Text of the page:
Gap states are also a breeding ground for terrorism, either state-sanctioned or due to frustrations among the masses. According to disclosed documents of Soviet General Andrian A. Danilevich. Cuba’s Fidel Castro wanted a pre-emptive Soviet nuclear strike against the United States in 1982. Similarly, Castro also preferred a nuclear war between the United States and the Soviet Union during the Cuban missile crisis instead of Soviets backing down from locating nuclear weapons in Cuba (Rowan 2009). Like many dictators, Venezuela’s Chavez has also supported terrorist regimes and factions. Venezuela was one of the three countries that voted against a U.N. Atomic Energy Agency resolution to report Iran to the Security Council over its failures to abide by U.N. sanctions to curtail its nuclear program. When Iranian protestors took it to the street to protest against Ahmedinejad’s fraudulent re-election, Venezuela stood with Iranian hardliners (Politicafe 2009).

A U.S. Government Accountability Office (GAO) study reported that Venezuela has become a major transshipment route for trafficking cocaine out of Columbia. In a raid on a FARC training camp in July 2009, Colombian military operatives found Swedish-made anti-tank rocket launchers that had been sold to the Venezuela in the 1980s (Politicafe 2009). Similarly, during a commando raid that killed FARC second in command Raul Reyes, Colombian soldiers found files on Mr. Reye’ laptop that revealed Venezuela’s high ranking officials plan to supply FARC with high-tech weapons, ammunition, and a $300 million grant (Brand and Arria 2008). Similarly, Al-Qaeda found support mainly among the populations in Gap states including Sudan, Yemen, Afghanistan, Pakistan, Chechnya, Egypt, and Iraq. These states had dictator or corrupted governments, failing economies, high jobless rates, high illiteracy rates, and inflation among other things that cultivate the ground for extremist beliefs and support of terrorism.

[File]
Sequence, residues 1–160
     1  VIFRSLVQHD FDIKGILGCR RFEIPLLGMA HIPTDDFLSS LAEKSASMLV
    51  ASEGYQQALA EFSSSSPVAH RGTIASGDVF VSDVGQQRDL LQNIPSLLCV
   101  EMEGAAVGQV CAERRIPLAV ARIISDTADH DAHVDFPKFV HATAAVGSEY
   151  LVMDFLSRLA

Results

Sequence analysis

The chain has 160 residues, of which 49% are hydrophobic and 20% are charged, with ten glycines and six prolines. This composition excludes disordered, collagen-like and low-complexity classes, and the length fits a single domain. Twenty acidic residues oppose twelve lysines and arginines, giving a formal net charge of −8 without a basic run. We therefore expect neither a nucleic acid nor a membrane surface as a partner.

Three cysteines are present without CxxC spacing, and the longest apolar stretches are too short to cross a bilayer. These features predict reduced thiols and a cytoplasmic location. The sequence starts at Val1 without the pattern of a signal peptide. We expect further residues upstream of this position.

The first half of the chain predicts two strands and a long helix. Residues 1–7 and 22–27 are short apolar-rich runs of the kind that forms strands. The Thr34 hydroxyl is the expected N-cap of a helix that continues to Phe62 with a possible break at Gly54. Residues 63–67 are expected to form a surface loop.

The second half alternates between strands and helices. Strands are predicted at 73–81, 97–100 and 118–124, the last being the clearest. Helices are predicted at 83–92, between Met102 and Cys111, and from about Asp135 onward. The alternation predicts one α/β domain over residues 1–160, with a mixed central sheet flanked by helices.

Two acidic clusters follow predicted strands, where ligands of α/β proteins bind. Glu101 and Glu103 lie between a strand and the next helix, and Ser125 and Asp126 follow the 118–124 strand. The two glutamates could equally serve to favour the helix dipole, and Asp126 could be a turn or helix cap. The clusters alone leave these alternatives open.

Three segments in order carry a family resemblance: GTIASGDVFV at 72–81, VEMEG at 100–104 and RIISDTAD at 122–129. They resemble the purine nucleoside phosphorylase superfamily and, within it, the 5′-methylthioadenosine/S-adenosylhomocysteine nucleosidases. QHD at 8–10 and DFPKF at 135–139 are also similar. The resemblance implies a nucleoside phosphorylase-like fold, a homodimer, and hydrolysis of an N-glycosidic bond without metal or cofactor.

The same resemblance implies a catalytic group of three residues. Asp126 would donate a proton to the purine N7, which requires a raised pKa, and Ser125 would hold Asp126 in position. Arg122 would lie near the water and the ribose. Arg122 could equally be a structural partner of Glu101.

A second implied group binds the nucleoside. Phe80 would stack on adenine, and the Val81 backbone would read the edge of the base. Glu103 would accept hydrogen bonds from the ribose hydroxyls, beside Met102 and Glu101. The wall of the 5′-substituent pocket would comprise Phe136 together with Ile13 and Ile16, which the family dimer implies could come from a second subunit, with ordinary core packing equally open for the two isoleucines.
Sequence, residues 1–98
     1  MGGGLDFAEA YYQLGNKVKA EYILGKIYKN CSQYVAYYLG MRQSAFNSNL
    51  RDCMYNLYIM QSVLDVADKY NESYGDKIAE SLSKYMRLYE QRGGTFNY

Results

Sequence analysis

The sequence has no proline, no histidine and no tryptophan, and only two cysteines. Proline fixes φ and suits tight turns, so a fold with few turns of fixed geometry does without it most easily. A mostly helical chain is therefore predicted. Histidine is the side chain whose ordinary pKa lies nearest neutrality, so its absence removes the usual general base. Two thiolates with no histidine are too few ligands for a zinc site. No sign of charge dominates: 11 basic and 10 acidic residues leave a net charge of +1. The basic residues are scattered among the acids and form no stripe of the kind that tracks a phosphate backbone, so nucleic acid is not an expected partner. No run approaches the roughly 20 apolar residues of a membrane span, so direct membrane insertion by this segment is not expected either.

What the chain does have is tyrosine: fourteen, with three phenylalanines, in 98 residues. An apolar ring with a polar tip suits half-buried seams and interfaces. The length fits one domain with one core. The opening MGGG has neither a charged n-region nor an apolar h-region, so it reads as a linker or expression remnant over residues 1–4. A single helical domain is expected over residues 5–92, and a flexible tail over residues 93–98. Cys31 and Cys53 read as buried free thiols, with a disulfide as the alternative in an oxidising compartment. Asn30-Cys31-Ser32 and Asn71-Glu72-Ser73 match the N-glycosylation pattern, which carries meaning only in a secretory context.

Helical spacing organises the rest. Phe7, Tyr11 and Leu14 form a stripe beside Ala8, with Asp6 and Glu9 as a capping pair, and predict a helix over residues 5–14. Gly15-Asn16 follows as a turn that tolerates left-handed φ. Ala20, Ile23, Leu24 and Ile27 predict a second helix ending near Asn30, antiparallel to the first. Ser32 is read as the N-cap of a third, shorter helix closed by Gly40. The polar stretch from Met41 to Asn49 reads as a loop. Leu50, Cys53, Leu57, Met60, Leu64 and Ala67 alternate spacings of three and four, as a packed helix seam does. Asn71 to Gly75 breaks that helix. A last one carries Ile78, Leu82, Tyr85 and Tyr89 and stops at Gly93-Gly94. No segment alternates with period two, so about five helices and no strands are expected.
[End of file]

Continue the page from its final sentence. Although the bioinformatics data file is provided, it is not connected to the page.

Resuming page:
When a country has an effective government and the economy is thriving by being able to take advantage of globalization, the youth population is optimistic and determined to reap the fruits of a promising future of the country. They have less uncertainty regarding their future and know that there will be lucrative jobs waiting for them upon completion of college degrees. Their national pride is high and they have higher degrees of loyalty as well as trust of their national governments. India is a great example of a country whose history has its fair share of ethnic violence and separation movements but a survey by Kairos Future Group revealed that Indian youths were the most optimistic of all nationalities while Japanese ‘now’ generation ended at the bottom of the list (Ruth 2007). India’s young generation is not only optimistic about its own future but also the future of the society. Because they have fewer grievances towards the government and the society, they are less likely to engage in acts of violence or terrorism.

But in Gap states, youths have fewer reasons to look forward to their future and high degree of uncertainty. They are frustrated with their corrupt governments and display low levels of national pride. Their frustration is realized by religious extremists and terrorist groups who preach them distorted versions of religion to downplay the importance of worldly life as compared to the after-life. They promise the frustrated youths, unimaginable pleasures of so-called heavenly life and give them a purpose to live. Given the fact that there is already little good going on in their lives and they see corrupt governments as nothing but a menace to the society, the thought of fighting against the society’s evil suddenly seems quite appealing. Thus, thriving economies and stable governments are one of the best defenses against the potential rise of terrorist organizations. Even in Core states, the youths in most danger of falling victim to the ideologies of terrorist groups are those that feel alienated in the society and are usually uneducated as well as unemployed.